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UPDATE: The Council of Canadians campaign to stop bank mergers in 1998

Then-executive director Peter Bleyer on a billboard (which stood across the street from then-finance minister Paul Martin’s office) opposing bank mergers.

Then-executive director Peter Bleyer on a billboard (which stood across the street from then-finance minister Paul Martin’s office) opposing bank mergers.

Today, Globe and Mail business reporter Michael Babad wrote, “The International Monetary Fund today took a deeper look at why banks in Canada and a handful of other countries withstood the 2008-2009 meltdown, which could provide lessons going forward. …The IMF said the Canadian and Australian regulatory structures ‘share some features that might have resulted in less globally integrated banking systems’. Notably, the two countries share a ‘de facto’ ban on big bank mergers. …Then Liberal finance minister Paul Martin rejected two huge mergers in the late 1990s – RBC with BMO, and CIBC with TD – and nothing has changed since despite the ascension of the Conservatives. Mr. Martin killed the proposed mergers on grounds that there would be too much power in the hands of too few banks, reduced competition, and troubles for the government when problems arose.”

This news article fails to recognize the critical role played by the hard-fought Council of Canadians campaign to ‘Stop the Mergers’ in 1998.

In the Autumn 1998 issue of Canadian Perspectives, Council of Canadians chairperson Maude Barlow wrote, “We feel that this is an issue dear to our members’ hearts. We must make it politically impossible for Paul Martin to approve these mergers and open up our borders to foreign banks. We need to set the tone for public dialogue on how our financial institutions can be compelled to serve our communities.” To read more about the Council of Canadians campaign against bank mergers, go to http://canadians.org/archive/documents/bank_mergers.pdf.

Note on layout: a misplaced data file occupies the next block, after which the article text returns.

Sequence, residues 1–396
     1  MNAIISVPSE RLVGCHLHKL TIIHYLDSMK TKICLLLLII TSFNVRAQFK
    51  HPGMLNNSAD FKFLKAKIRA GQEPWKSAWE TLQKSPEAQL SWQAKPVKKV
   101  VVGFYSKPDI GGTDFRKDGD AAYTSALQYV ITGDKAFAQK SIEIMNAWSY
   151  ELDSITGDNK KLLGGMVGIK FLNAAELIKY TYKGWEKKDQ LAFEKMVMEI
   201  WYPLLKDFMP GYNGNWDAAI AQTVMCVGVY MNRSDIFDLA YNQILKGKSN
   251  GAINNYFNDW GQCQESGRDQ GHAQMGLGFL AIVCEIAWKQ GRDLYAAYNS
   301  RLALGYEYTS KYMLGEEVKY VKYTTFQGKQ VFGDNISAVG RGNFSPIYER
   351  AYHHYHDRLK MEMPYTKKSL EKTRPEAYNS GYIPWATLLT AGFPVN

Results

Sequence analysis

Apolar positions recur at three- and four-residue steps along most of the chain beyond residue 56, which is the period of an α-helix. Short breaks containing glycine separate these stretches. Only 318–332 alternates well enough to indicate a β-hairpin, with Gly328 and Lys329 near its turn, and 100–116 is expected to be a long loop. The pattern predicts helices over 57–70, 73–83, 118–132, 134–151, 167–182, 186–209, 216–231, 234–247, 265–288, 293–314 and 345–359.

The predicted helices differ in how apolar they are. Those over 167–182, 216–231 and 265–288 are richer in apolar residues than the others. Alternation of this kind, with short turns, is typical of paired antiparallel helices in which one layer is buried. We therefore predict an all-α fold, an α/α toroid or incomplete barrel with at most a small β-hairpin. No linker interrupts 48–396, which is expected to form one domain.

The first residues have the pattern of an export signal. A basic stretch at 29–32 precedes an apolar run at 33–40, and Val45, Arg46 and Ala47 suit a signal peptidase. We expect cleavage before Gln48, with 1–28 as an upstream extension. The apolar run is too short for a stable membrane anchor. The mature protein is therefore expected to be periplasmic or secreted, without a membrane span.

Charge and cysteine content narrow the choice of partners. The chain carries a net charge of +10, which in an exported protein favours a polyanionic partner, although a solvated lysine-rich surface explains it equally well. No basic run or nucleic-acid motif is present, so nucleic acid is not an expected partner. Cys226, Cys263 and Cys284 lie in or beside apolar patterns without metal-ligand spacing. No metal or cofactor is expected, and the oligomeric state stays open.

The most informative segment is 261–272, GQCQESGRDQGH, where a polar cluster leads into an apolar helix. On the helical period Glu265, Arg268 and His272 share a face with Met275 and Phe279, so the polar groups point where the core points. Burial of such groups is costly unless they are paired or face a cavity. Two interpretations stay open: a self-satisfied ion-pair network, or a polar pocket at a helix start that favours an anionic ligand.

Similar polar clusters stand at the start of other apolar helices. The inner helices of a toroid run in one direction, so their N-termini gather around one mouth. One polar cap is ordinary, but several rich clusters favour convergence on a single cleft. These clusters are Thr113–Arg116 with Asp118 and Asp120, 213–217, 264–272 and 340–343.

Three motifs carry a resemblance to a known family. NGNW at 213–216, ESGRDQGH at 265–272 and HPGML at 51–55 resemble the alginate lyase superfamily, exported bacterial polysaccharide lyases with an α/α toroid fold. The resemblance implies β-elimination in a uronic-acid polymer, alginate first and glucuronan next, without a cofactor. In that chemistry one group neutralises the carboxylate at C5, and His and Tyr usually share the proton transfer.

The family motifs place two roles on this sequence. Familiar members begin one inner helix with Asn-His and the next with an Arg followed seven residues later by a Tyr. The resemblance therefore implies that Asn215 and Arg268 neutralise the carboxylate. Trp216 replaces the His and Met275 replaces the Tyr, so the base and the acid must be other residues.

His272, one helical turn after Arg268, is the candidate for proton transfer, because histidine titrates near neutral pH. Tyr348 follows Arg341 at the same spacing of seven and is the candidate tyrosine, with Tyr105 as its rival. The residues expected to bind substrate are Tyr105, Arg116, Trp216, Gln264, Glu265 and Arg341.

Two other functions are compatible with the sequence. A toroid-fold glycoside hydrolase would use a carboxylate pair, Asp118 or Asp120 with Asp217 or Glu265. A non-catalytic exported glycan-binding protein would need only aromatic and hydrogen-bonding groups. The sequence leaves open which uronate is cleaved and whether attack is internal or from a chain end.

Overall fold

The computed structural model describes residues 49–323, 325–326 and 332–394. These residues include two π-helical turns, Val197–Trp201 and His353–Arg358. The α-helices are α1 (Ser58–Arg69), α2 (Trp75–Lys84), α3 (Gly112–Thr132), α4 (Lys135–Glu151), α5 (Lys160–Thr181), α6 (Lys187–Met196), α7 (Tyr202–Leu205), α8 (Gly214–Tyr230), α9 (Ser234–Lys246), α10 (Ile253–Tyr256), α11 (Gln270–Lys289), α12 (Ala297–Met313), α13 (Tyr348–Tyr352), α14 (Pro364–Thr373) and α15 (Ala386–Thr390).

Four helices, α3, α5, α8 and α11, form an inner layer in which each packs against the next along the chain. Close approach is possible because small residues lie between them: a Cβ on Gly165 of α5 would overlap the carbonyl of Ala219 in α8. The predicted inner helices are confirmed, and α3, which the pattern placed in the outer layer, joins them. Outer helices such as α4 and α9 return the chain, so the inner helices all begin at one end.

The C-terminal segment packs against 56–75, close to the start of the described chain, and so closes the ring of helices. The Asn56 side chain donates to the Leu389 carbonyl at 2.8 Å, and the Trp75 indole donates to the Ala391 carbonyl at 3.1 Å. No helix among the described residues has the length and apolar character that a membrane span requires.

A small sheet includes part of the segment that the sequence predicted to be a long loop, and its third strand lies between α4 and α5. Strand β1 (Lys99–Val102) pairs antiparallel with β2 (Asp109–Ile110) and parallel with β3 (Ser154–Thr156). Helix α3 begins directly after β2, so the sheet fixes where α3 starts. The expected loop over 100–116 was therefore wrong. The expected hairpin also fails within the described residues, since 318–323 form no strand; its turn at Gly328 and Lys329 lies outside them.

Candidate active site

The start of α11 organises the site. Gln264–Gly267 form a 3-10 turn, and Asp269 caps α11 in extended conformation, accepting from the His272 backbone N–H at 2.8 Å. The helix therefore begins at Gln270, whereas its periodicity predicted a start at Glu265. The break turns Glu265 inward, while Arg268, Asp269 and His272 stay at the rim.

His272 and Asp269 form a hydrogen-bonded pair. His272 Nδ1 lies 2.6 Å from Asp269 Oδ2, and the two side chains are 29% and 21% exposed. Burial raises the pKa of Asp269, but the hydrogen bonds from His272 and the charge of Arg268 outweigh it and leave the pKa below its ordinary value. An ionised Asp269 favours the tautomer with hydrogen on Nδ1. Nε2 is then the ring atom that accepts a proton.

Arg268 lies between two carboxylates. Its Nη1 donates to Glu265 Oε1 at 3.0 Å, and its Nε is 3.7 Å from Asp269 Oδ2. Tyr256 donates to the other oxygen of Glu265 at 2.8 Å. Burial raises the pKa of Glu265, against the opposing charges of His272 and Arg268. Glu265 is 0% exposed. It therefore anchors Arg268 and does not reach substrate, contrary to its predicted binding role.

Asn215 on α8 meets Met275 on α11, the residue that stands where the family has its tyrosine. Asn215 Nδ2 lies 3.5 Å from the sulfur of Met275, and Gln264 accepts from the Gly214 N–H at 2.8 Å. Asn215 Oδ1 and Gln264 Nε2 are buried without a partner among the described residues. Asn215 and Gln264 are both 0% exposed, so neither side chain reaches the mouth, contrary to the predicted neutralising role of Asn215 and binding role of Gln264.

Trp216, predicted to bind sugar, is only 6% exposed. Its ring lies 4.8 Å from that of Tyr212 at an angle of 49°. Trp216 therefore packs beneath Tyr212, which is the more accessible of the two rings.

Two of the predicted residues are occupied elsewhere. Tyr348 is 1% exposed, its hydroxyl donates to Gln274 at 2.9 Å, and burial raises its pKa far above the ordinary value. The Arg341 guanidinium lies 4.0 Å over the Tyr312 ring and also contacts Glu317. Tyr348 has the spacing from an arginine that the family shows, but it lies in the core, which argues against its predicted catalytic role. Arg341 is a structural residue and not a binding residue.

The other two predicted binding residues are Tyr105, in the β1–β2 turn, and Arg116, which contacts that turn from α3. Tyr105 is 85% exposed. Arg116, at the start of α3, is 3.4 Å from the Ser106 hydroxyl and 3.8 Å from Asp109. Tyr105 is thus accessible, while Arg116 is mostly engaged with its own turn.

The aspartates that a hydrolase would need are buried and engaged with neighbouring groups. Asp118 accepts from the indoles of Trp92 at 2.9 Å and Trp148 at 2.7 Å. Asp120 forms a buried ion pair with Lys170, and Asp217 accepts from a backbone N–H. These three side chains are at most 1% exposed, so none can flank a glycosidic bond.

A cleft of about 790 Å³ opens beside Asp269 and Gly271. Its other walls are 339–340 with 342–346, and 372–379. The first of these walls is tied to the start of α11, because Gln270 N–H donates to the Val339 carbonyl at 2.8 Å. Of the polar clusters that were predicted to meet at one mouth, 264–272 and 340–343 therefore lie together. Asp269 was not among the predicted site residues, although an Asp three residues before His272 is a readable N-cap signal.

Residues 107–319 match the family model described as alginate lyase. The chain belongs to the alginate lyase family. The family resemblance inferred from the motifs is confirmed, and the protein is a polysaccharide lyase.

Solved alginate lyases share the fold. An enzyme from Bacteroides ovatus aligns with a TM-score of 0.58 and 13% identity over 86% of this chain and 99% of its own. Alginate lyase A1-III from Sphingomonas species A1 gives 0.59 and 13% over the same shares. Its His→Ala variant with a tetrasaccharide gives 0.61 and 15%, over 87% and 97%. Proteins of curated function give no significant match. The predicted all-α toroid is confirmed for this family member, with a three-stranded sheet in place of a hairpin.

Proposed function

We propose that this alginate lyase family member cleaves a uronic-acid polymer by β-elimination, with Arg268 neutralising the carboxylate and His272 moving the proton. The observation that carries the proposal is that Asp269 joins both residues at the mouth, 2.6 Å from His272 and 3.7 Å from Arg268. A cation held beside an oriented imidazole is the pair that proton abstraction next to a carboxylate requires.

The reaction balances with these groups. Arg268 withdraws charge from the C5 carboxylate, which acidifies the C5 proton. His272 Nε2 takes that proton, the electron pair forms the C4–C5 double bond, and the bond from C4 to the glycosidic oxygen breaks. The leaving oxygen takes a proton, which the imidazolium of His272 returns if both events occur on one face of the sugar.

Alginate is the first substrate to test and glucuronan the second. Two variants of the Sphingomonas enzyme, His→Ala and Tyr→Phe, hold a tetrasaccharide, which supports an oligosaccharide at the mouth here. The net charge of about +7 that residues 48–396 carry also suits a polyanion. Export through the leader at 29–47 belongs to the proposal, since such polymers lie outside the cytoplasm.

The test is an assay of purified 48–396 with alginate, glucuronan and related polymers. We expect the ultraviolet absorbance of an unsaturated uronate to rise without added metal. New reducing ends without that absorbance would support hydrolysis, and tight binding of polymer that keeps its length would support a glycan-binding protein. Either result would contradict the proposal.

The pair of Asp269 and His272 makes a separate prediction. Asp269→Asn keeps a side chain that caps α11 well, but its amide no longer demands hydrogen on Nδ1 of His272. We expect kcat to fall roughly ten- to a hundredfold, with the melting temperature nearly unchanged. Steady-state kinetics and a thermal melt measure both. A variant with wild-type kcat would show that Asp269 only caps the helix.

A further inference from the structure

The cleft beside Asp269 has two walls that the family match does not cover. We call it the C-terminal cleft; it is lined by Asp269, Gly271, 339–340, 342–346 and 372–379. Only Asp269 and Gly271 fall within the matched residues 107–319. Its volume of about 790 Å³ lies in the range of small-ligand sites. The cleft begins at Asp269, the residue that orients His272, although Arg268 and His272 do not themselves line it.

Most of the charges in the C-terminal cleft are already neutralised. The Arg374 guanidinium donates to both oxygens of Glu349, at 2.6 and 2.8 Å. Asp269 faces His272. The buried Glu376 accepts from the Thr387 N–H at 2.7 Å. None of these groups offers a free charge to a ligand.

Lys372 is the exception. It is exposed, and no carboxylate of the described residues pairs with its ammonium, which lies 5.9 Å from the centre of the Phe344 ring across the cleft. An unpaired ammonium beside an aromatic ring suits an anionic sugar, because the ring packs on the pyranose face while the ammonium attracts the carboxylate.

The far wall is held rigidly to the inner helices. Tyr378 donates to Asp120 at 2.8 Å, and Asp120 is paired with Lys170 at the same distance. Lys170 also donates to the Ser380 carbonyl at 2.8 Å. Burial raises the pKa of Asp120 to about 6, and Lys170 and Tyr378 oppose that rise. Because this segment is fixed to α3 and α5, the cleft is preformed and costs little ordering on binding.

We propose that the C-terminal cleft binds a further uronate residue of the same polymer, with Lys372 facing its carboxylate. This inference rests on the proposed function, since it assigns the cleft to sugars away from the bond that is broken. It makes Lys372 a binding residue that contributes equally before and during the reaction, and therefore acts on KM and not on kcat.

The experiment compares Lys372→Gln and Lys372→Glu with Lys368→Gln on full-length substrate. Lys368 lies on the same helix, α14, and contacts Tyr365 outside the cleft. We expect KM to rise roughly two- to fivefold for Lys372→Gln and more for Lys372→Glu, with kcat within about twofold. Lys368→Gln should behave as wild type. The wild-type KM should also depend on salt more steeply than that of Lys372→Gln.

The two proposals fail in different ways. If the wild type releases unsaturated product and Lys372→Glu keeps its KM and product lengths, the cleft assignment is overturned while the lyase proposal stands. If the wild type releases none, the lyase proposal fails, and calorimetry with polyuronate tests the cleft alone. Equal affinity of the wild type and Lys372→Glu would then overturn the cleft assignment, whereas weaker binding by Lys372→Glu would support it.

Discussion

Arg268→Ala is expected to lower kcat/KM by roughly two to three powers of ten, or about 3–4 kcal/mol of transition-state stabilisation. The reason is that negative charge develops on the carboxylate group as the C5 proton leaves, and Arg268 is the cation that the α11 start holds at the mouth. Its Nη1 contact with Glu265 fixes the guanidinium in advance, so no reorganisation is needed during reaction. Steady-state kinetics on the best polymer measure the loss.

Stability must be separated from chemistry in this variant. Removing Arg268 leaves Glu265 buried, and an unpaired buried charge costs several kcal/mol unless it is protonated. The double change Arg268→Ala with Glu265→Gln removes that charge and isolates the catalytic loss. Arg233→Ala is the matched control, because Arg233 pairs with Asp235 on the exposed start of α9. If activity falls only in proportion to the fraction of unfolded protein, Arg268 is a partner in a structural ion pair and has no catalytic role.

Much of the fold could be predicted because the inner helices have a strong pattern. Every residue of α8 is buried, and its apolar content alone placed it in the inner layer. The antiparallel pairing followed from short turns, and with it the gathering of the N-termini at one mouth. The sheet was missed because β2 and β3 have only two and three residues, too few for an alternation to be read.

On December 14, 1998, we won when then-finance minister Paul Martin rejected the proposed mergers of the Royal Bank with the Bank of Montreal and CIBC with the Toronto-Dominion Bank.

This is not the first time that the history of the bank merger fight has been somewhat re-written. In October 2008, the Canadian Press reported, “Canada’s banking system is weathering the economic storm engulfing the global financial sector because of Liberal government policies he enacted more than a decade ago, former prime minister Jean Chretien said. Chretien reminded his audience that he took a lot of flak for his position.”

Where are we now on the issue of bank mergers?

The issue resurfaced in December 2006 when the Globe and Mail reported that David Dodge, then-governor of the Bank of Canada, ‘seemingly hinted’ his support for bank mergers in Canada. Reuters reported, “Finance Minister Jim Flaherty has said as recently as (November) that reviving the dormant bank-merger issue is not a priority for the minority Conservative government. (But) banking executives have called repeatedly for the issue to be addressed since a previous Liberal government halted a pair of proposed marriages in 1998.”

In September 2008, the Globe and Mail reported, “The Canadian market is not ready for bank mergers, Prime Minister Stephen Harper said, making it clear he does not plan to move on the issue if he is re-elected. Finance Minister Jim Flaherty has repeatedly said that bank mergers are not a priority for the Conservatives, but Mr. Harper’s comments went a step further. He said the Conservatives are not proposing moving forward with recommendations that an expert panel, headed by Lynton (Red) Wilson, made (in the summer of 2008) on easing bank merger restrictions.”

One caution – the December 2006 Globe and Mail article also noted, “With public opposition seen to mergers, analysts doubt the issue will be resolved until there is a majority government in Parliament to push through the legislation.”